In this part we look at turning a component into a service.

In Part 1, we looked at how we can easily create and test components which expect asynchronous messages[1] in and produce asynchronous messages out. However, how do we turn this into a service?

Turning our components into a service.

The key thing which is missing from our components is a transport. A lack of a transport simplifies testing, profiling and debugging, but we need to distribute our components, and for this we need a transport.

There is a wide range of possible transports available:

It is the Chronicle Queue we will be looking at in the post.

Using queue in a unit test

Chronicle Queue is persisted, however in unit tests you usually want to start fresh and remove the queue afterwards. The idiom you can use is as follows;

Creating a temporary Queue
File queuePath = new File(OS.TARGET, "testName-" + System.nanoTime());
try {
    try (SingleChronicleQueue queue = SingleChronicleQueueBuilder.binary(queuePath).build()) {
        // use the queue
    }

} finally {
    IOTools.shallowDeleteDirWithFiles(queuePath);
}

This creates a queue which is stored in a single file. The file is rolled daily by default and includes the current date in the path.

Writing events

If we repeat our test as before, instead of using a mock listener, we can use a listener which writes each method called to a queue:

Write methods called to a queue for either interface
OrderIdeaListener orderManager = queue.createAppender()
                                      .methodWriter(OrderIdeaListener.class, MarketDataListener.class);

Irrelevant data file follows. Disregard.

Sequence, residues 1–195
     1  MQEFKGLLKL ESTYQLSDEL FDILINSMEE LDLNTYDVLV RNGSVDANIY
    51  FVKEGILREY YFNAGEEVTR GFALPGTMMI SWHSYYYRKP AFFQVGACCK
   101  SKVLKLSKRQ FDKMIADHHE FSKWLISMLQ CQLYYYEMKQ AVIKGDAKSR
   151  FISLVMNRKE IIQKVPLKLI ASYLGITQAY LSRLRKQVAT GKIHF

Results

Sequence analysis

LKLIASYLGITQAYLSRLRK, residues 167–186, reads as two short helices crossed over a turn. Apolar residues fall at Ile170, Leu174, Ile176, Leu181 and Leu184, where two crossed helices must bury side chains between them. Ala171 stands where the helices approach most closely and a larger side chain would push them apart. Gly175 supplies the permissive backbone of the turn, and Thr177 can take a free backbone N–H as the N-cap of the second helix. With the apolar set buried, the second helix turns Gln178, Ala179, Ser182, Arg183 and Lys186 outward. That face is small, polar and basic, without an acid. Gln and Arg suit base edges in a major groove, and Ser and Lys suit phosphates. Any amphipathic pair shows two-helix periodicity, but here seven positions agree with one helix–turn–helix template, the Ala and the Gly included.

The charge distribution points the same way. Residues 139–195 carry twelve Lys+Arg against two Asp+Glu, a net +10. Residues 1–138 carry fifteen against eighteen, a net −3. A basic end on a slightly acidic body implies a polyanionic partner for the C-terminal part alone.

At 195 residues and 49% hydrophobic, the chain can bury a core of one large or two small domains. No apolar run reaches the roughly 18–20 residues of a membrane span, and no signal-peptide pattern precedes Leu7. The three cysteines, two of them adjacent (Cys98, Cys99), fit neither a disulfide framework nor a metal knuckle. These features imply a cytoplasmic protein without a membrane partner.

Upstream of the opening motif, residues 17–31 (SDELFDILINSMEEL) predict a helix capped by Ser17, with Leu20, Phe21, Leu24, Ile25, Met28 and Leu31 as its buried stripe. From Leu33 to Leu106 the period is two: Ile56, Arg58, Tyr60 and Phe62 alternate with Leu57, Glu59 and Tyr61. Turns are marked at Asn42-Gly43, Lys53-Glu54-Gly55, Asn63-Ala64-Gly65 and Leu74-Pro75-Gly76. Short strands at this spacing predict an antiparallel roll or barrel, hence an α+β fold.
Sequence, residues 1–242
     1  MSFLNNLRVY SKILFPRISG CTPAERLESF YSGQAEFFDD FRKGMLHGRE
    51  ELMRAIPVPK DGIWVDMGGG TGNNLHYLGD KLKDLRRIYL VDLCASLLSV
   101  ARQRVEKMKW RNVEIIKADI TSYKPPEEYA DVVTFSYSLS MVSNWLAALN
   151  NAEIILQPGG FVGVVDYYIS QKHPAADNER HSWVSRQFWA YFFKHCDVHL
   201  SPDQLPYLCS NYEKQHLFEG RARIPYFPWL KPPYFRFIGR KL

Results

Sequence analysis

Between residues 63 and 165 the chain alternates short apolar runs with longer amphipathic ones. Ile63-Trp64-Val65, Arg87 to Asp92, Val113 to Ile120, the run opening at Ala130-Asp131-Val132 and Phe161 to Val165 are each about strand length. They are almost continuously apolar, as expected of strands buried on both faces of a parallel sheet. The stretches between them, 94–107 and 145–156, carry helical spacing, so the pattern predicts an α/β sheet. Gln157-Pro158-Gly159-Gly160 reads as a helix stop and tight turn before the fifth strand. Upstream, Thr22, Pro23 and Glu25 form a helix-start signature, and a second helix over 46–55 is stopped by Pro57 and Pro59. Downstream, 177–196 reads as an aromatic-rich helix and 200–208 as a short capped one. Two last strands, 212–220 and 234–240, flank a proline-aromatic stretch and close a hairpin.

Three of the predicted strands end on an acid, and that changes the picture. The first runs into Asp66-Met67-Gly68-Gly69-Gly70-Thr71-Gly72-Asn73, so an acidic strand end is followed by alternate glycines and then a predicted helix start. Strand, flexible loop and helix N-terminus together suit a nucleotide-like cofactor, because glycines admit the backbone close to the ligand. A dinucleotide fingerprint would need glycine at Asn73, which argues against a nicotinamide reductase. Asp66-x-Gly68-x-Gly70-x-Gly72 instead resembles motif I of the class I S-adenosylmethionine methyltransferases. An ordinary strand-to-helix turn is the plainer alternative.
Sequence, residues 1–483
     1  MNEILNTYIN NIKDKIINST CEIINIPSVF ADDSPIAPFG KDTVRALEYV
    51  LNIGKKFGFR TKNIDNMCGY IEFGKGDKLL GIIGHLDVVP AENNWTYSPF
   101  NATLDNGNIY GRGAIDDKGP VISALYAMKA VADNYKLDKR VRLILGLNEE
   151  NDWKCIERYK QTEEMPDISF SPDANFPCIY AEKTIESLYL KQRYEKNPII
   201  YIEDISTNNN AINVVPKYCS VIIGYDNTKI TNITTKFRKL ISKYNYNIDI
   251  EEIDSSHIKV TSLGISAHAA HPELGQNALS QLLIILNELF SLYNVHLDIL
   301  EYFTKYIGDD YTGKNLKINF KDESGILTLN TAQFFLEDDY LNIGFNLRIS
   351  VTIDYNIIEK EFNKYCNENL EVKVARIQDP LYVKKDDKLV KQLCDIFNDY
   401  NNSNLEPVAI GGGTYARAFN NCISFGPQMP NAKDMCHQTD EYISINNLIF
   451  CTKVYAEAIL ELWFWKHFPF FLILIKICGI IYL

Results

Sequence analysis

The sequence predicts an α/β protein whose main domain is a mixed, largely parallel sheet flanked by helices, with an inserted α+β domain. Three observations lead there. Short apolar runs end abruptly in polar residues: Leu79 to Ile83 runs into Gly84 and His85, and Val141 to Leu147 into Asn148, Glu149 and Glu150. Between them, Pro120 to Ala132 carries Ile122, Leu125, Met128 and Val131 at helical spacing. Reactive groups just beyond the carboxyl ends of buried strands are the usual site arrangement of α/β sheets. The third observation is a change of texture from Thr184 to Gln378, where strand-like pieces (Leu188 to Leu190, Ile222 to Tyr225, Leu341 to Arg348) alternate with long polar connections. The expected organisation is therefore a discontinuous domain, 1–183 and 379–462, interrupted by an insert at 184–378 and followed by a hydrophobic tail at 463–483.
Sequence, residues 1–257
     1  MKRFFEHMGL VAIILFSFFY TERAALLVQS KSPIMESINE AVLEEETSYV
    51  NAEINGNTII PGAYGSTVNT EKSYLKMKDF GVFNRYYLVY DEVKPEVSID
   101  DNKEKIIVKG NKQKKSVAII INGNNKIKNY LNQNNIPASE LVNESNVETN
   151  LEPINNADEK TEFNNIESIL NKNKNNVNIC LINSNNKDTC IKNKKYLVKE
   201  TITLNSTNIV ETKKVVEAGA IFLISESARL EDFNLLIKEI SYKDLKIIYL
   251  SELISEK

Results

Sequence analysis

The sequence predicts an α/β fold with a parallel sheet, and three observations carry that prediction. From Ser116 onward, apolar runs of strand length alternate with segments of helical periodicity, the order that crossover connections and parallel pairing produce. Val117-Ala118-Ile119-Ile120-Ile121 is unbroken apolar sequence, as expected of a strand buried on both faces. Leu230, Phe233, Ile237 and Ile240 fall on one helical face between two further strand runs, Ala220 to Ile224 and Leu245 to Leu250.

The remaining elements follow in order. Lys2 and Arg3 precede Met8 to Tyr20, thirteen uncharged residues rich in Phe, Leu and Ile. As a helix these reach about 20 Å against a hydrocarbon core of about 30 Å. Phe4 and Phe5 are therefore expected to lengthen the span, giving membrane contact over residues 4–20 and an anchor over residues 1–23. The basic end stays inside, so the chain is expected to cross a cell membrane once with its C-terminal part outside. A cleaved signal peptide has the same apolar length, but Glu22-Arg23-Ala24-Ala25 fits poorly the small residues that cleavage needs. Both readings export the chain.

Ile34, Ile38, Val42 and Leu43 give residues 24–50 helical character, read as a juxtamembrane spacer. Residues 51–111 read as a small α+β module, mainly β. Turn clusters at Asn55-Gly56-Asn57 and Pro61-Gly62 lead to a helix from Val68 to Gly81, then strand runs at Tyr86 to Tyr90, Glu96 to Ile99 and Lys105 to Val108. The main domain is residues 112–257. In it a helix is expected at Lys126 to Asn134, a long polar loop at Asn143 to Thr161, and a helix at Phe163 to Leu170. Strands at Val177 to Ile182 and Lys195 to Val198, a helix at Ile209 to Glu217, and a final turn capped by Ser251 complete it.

Our combiner writes to this queue, as does our test:

The SidedPrice combiner
SidedMarketDataCombiner combiner = new SidedMarketDataCombiner((MarketDataListener) orderManager);

We can also repeat the events inbound. Putting all this together we get:

try (SingleChronicleQueue queue = SingleChronicleQueueBuilder.binary(queuePath).build()) {
    OrderIdeaListener orderManager = queue.createAppender().methodWriter(OrderIdeaListener.class, MarketDataListener.class);
    SidedMarketDataCombiner combiner = new SidedMarketDataCombiner((MarketDataListener) orderManager);

    // events in
    orderManager.onOrderIdea(new OrderIdea("EURUSD", Side.Buy, 1.1180, 2e6)); // not expected to trigger

    combiner.onSidedPrice(new SidedPrice("EURUSD", 123456789000L, Side.Sell, 1.1172, 2e6));
    combiner.onSidedPrice(new SidedPrice("EURUSD", 123456789100L, Side.Buy, 1.1160, 2e6));

    combiner.onSidedPrice(new SidedPrice("EURUSD", 123456789100L, Side.Buy, 1.1167, 2e6));

    orderManager.onOrderIdea(new OrderIdea("EURUSD", Side.Buy, 1.1165, 1e6)); // expected to trigger
}

Once we have written all the events to our queue, we can process the queue in our test. A more realistic example would be to run these two components in different threads, processes or on different machines, however this just complicates the tests and the result should be the same provided the transport does it’s job.

Reading events.

When we read the events we need a component which implements the methods called above and a mock listener to ensure it triggers the right events.

Read all the events and check the right output
// what we expect to happen
OrderListener listener = createMock(OrderListener.class);
listener.onOrder(new Order("EURUSD", Side.Buy, 1.1167, 1_000_000));
replay(listener);

try (SingleChronicleQueue queue = SingleChronicleQueueBuilder.binary(queuePath).build()) {
    // build our scenario
    OrderManager orderManager = new OrderManager(listener); (1)
    MethodReader reader = queue.createTailer().methodReader(orderManager); (2)
    for (int i = 0; i < 5; i++)
        assertTrue(reader.readOne()); (3)

    assertFalse(reader.readOne()); (4)
    System.out.println(queue.dump()); (5)
}

verify(listener);
1 our component to test
2 our queue reader which will call the methods
3 loop to read/process one method at a time.
4 we have no more messages
5 dump the queue contents so we can see what the input was.